Frances Hodgson Burnett published The Making of a Marchioness in 1901. She had written Little Lord Fauntleroy 15 years before and would write The Secret Garden in 10 years' time; it is these two books for which she is best known. Yet Marchioness was one of Nancy Mitford's favourite books, was considered 'the best novel Mrs Hodgson Burnett wrote' by Marghanita Laski, and is taught on a university course in America together with novels such as Pride and Prejudice, Jane Eyre, and Daisy Miller.
Public Domain (P)2011 Persephone
This is a romance in the Victorian style. The characters are rather stylized and in the case of the protagonist, idealized.
Nevertheless it is a sweet tale that drew me in and made me care about the two main characters. The goodness of the heroine might put off some listeners, but if you allow yourself to be pulled in and love her, the rest of the story will keep you in suspense and entertain you.
Home school family with six children ages 7-21. We love listening to audible books together. We like Twaddle-free books.
I enjoyed this story. It is Horatio Algeristic (Is that a word?) in it's approach. A young woman, who is not petite and beautiful, always works hard for those that hire her to do their shopping and secretarial work. She gets to know some of the leading citizens of her era. She gets invited to a huge week + long party at a very wealthy lady's country place. She is there to work and she does so willingly. Her hard work makes her invulnerable to all the snide remarks that come her way and also makes her much loved by most. This is a fun story that takes place in England in the 1800s. I like the history and the story. You know everything comes out all right in the end, but it is still an enthralling listen. I will listen to this again with the children.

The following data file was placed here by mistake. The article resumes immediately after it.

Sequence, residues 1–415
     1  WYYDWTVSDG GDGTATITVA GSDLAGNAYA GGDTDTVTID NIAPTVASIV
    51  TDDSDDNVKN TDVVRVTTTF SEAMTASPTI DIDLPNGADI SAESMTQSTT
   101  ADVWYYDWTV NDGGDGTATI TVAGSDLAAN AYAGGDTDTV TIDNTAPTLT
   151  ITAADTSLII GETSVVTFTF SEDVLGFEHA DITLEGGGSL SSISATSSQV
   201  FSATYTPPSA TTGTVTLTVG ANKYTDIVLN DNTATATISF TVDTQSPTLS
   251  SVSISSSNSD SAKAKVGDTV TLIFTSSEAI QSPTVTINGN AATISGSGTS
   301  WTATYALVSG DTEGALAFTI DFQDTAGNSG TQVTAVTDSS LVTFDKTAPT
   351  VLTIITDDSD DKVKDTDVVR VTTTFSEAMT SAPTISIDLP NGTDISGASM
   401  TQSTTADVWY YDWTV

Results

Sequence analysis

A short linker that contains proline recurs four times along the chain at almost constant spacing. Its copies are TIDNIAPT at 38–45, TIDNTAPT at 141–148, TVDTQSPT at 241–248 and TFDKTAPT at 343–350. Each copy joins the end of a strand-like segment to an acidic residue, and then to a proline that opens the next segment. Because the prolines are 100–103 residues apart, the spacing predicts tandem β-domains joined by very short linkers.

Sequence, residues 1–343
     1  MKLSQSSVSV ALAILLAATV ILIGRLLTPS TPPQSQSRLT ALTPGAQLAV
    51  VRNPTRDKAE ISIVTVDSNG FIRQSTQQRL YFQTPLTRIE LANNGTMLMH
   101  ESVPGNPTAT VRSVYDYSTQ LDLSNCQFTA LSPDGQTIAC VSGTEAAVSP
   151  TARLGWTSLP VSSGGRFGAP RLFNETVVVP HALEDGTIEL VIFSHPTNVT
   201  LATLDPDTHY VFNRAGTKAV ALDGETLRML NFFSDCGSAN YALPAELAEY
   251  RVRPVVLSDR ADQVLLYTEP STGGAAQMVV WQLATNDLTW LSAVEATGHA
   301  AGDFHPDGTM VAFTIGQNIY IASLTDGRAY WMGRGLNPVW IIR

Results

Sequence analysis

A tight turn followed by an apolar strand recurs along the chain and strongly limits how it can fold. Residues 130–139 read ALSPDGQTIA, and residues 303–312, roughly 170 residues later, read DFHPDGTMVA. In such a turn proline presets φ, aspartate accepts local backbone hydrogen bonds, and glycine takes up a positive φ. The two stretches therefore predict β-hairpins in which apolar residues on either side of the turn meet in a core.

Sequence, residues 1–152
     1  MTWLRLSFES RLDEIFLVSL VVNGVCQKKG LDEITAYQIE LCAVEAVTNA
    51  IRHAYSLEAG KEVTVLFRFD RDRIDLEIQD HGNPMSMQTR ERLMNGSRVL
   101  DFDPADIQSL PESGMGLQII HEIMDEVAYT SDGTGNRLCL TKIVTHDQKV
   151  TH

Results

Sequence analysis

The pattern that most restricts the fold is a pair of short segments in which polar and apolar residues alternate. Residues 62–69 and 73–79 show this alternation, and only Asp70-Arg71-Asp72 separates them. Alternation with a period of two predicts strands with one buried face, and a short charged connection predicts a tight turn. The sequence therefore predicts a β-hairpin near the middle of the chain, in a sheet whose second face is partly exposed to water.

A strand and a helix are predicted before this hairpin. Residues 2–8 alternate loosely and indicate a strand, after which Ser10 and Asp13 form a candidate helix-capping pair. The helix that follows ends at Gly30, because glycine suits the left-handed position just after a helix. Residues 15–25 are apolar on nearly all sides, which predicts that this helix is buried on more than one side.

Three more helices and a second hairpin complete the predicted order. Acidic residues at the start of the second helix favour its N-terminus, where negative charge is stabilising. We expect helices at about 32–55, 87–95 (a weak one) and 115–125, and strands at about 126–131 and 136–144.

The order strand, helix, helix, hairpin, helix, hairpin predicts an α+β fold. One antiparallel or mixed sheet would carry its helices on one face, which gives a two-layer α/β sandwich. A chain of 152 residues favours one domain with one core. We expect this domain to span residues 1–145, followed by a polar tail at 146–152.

While Frances Hodgson-Burnett is best known for her children's books, such as A Little Princess and The Secret Garden, she also wrote books for adult readers. What a pleasure that Lucy Scott and the folks from Persephone Publishers have brought this book to life for modern readers/listeners. Lucy Scott's reading is a perfect compliment for this, perhaps the best of the "adult" novels by Burnett.
Humanitarian Aid Worker living in Central Asia.
I like Frances Hodgson-Burnett stories from my childhood, but her sentiments towards people of color can be viewed as racist in today's world. This book is quite obvious about the Englishman's fear and distrust of the Indian of dark skin. However, the author is most likely truthfully portraying what the British ladies were saying about Indians at that time.
The narrator did a great job reading the story except when it came to the voice of the main character. She made the character so silly sounding that it was hard to like the character much.
Overall, I am glad I listened to the story. It was not long and did not stress the grey matter while I washed dishes and cooked.
yes. But I think I have read the all.
The voice of the main character.
This book certainly had its charms, and I can understand why it might have been a popular women's novel in its day (it was originally published in 1901). It tells the story of a refined but impoverished woman in her thirties, Miss Emily Fox-Seton, who scratches out a living by assisting her betters to shop wisely and plan parties while remaining obligingly in the background. Just as disaster seems about to befall (her kindly landlady and her daughter plan to give up the house where Emily rooms), wonder of wonders, she receives an unexpected marriage proposal that catapults her into the upper echelon of society. Lord Waldehurst has been won over by Emily's good taste and unprepossessing nature--undoubtedly the dream of many an aging spinster in 1901.